skip to main content

Thursday, June 1, 2023

play newscast audioPlay

WI working family advocates shine a spotlight on Reps' voting records; a new report says that Phoenix area can't meet groundwater demands; Nevada sporting community sends top 10 priorities to Gov. Lombardo's desk.

play newscast audioPlay

The Senate aims to get the debt limit spending bill to President Biden's desk quickly, Florida Gov. Ron DeSantis makes a campaign stop in Iowa, and a new survey finds most straight adults support LGBTQ+ rights.

play newscast audioPlay

Oregon may expand food stamp eligibility to some undocumented households, rural areas have a new method of accessing money for roads and bridges, and Tennessee's new online tool helps keep track of cemetery locations.

IN Legislature Advances Bill to Improve Seniors' Access to SNAP Benefits

play audio
Play

Thursday, February 16, 2023   

The Indiana Senate has approved a bill to simplify access to the Supplemental Nutrition Assistance Program for people older than 60 or those with disabilities.

The U.S. Department of Agriculture's anti-hunger program, formerly known as food stamps, is considered a lifeline by its low-income recipients. The measure would not extend or increase SNAP benefits but would require senior recipients to renew their application only once every three years.

Linda Dunno, state president of AARP Indiana, said SNAP benefits are vital to many retired seniors.

"A lot of the people in that age group either aren't driving, don't have mobility, where they can go somewhere, they're not computer savvy," Dunno outlined. "The fact that they've lessened the application process is going to help a lot of people that were struggling with it vital."

According to the USDA, almost 10% of seniors living alone or with disabilities reported being somewhat or very food insecure in 2021. Eligible household members receive about $182 a month in benefits based on household size, income and resources.

Dunno noted prior to Senate Bill 334, Indiana seniors often became frustrated and discouraged with SNAP's extensive paperwork, waiting in welfare offices, and low benefits, but for those who are eligible, it is worth it.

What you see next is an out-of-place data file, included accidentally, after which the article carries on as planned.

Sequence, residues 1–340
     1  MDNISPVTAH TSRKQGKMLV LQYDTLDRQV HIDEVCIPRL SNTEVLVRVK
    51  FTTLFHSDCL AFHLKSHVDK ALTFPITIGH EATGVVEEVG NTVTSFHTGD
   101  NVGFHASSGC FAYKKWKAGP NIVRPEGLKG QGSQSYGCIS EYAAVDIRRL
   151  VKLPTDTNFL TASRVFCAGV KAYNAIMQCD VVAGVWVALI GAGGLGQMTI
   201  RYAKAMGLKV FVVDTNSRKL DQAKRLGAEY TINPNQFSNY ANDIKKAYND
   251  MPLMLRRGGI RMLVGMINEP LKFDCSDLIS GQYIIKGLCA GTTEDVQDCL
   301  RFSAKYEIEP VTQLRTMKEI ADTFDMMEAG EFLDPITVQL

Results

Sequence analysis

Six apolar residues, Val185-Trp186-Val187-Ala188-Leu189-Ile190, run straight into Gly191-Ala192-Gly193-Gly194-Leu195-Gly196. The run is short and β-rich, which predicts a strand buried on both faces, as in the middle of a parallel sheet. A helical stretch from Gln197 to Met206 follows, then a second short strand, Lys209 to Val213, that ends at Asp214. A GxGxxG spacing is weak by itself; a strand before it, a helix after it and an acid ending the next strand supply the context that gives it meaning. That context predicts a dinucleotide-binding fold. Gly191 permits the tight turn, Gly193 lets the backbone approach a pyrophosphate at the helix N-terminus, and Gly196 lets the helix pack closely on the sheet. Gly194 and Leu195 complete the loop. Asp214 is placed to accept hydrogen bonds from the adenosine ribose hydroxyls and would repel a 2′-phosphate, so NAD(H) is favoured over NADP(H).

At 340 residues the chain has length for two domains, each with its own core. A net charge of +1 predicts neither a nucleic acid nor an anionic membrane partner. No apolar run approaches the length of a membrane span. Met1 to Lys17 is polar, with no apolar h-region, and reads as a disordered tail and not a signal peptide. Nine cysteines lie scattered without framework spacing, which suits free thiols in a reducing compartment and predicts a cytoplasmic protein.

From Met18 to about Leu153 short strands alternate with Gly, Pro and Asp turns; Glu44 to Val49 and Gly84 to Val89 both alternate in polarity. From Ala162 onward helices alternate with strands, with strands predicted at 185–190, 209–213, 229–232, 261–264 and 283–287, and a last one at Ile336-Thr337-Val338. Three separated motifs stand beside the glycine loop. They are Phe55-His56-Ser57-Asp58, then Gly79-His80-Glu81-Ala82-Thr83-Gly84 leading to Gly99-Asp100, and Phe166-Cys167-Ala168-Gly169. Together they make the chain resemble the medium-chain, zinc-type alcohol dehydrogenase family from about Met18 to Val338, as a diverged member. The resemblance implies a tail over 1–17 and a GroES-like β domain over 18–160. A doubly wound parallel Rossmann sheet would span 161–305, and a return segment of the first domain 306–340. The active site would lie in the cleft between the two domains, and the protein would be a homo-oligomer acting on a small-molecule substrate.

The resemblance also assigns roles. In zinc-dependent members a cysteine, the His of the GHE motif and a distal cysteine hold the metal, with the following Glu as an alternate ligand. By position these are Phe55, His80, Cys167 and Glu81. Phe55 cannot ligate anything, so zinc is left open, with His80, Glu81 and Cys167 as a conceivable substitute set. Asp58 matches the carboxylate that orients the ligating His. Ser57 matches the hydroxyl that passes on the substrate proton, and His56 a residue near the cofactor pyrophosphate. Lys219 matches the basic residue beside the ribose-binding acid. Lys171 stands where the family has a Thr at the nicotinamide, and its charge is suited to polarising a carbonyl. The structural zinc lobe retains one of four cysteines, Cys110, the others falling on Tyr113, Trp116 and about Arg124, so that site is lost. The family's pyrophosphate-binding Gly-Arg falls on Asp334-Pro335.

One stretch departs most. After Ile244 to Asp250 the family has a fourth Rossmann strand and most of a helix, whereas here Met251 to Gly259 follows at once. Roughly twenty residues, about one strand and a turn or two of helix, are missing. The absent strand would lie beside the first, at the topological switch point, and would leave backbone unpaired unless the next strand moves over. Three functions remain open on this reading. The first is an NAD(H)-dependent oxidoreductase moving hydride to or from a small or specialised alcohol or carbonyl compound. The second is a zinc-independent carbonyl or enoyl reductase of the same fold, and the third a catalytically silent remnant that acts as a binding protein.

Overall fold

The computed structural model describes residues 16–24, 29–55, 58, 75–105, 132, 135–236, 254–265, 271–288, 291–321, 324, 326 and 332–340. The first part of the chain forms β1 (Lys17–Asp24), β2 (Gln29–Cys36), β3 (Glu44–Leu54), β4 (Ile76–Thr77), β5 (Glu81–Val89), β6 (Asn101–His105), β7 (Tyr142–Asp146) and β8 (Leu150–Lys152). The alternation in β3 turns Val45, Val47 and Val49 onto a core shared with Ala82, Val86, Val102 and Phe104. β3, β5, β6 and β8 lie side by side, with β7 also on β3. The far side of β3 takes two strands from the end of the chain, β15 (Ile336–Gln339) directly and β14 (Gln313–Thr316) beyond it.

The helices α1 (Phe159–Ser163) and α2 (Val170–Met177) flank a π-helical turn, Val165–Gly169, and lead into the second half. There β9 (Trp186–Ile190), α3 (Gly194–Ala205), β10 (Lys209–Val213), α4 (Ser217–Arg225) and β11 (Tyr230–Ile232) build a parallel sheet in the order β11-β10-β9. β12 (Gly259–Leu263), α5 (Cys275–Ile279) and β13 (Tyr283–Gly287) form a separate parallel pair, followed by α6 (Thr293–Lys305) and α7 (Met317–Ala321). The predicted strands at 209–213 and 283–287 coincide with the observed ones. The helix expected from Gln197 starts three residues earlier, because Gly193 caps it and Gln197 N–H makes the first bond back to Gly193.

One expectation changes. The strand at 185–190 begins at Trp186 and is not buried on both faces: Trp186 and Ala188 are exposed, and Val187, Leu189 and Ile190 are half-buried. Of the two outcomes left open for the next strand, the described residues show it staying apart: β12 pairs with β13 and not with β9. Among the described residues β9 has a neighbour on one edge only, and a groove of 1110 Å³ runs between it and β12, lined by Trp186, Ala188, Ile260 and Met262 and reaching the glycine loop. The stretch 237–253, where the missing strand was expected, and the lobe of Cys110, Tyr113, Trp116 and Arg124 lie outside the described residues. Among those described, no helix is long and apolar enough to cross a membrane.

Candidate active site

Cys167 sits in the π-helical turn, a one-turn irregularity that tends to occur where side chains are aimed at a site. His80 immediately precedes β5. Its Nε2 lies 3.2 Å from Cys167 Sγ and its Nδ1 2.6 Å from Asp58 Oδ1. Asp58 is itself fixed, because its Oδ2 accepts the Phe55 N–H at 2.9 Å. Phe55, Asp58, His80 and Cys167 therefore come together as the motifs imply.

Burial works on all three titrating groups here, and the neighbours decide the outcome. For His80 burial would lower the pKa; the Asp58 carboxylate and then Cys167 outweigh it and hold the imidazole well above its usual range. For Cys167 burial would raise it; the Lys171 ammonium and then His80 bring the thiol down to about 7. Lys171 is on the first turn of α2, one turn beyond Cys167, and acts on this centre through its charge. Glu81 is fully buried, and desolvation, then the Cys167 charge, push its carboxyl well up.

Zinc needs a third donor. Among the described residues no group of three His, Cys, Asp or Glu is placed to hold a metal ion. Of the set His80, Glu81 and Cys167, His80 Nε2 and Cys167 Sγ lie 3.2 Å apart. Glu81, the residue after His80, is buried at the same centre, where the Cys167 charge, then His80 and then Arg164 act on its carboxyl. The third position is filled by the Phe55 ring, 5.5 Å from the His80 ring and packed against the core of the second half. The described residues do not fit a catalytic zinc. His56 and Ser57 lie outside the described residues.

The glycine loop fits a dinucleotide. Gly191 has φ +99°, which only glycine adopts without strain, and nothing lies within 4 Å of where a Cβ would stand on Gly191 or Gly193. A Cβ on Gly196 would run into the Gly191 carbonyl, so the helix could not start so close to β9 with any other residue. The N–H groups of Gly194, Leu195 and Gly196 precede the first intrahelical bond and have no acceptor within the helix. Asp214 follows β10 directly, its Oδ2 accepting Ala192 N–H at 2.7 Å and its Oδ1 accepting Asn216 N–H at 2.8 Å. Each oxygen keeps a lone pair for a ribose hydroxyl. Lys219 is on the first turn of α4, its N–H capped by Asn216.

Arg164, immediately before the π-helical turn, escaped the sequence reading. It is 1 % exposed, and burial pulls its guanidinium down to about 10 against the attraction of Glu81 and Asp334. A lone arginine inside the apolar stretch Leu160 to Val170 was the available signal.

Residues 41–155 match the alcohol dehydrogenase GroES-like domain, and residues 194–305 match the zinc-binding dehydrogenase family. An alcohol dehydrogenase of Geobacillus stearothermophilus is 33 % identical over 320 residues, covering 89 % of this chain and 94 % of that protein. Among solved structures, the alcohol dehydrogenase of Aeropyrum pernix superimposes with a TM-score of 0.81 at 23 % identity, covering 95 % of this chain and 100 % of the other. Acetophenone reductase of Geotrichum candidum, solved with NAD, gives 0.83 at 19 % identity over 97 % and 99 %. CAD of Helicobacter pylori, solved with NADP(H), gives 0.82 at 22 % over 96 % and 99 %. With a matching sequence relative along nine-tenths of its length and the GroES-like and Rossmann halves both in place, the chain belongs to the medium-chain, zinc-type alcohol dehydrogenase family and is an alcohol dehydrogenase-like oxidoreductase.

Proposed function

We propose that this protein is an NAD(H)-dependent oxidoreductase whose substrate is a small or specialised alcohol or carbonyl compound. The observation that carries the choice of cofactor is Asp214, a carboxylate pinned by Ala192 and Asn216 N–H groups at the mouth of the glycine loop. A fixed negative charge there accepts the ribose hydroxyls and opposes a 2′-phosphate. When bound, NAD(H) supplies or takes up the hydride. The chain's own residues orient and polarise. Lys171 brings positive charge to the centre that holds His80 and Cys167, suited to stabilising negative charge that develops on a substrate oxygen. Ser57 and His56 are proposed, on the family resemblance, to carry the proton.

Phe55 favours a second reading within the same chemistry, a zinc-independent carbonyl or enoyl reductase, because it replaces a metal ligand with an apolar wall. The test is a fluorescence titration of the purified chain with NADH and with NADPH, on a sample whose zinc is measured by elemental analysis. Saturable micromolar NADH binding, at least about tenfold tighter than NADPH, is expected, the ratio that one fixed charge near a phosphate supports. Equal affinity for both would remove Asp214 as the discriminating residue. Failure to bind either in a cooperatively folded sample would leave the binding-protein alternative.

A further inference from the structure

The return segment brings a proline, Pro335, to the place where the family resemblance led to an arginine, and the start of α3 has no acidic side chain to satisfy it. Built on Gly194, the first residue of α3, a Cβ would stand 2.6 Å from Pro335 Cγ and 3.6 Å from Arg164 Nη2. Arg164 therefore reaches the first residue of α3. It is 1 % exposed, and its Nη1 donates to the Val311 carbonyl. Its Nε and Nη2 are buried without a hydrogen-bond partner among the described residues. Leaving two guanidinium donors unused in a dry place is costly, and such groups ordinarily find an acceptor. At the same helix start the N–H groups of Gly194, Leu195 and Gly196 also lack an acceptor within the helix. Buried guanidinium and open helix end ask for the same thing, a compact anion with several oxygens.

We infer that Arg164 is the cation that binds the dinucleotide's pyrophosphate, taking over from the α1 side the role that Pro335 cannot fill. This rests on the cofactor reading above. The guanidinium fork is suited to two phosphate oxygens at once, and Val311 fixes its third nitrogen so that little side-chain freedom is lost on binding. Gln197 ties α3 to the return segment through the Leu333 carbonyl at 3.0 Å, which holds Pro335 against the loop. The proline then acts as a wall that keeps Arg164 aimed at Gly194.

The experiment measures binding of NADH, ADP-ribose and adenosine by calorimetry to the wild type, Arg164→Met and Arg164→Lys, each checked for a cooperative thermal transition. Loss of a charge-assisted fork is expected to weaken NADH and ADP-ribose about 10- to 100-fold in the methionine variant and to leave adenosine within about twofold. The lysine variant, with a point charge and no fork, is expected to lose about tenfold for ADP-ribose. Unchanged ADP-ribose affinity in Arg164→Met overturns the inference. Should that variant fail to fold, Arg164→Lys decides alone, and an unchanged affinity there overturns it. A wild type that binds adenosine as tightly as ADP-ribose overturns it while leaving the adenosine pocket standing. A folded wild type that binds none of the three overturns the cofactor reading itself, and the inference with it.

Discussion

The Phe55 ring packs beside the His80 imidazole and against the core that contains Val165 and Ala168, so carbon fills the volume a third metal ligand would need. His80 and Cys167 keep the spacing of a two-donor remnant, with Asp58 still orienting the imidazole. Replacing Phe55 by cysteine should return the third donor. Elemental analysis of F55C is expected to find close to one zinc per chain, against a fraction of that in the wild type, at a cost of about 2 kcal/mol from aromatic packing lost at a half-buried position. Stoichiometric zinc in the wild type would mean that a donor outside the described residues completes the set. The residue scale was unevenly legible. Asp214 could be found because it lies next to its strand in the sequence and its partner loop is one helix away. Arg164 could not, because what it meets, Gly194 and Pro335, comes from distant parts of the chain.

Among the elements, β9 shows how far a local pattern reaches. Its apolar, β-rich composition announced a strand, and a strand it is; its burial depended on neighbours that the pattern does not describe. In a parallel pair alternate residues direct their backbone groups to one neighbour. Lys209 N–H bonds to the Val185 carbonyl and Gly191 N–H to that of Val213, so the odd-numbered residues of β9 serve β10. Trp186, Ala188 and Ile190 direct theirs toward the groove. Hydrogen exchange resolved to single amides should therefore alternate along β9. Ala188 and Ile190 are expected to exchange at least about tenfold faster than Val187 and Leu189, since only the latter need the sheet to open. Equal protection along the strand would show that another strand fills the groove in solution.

"They've been in the program, and those that have been using it obviously have a need," Dunno stated. "With today's inflation and the simple thing of food, the basic needs, it's wonderful that they're not going to have to work so hard to get it."

Indiana SNAP recipients receive monthly benefits on an electronic-benefits card called Hoosier Works. Dunno observed recipients would still be required to update income information every 12 months but would opt out of the annual interview.

"Unfortunately, there's probably people out there that don't even know it exists," Dunno lamented. "Hopefully, by bringing this to the forefront on a legislative issue, more people will be able to take advantage of it."


get more stories like this via email
A new park, San Vicente Redwoods, opened up late last year near Santa Cruz, Calif., in an area previously ravaged by fire and logging. (Nadia Hamey)

Environment

play sound

This Saturday, June 3, thousands of Californians will be among hundreds of thousands of Americans heading into the great outdoors to celebrate …


Social Issues

play sound

A coalition of Wisconsin groups is asking Gov. Tony Evers to reject bills it contends would make it harder for people struggling to get by to bounce …

Social Issues

play sound

Two months from today, Minnesota will begin the process of removing low-level marijuana convictions for those who have them on their criminal records…


Alabama is one of only three states still applying its full state sales tax on the purchase of groceries and food items. (Adobe Stock)

Social Issues

play sound

Groups working to fight poverty in Alabama are urging state senators to approve a bill aimed at lowering food costs for families. House Bill 479 …

Social Issues

play sound

Navigating college can seem overwhelming for first generation students, but an early outreach program at Arizona State University aims to change it…

Nebraska was one of 10 states to further restrict abortion access in the 2023 legislative session. At least 48 bills were passed involving restrictions for LGBTQ+ individuals. (Yurii Kibalnik/Adobe Stock)

Health and Wellness

play sound

A new Nebraska law is now the subject of a lawsuit filed in the District Court of Lancaster County. In its amended form, Legislative Bill 574 …

Social Issues

play sound

A proposal from the federal government could provide a better path toward student loan debt repayment, but a new survey finds many borrowers don't …

Environment

play sound

Maine lawmakers are considering two pieces of legislation which supporters said are needed to ensure "responsible" development of offshore wind projec…

 

Phone: 303.448.9105 Toll Free: 888.891.9416 Fax: 208.247.1830 Your trusted member- and audience-supported news source since 1996 Copyright 2021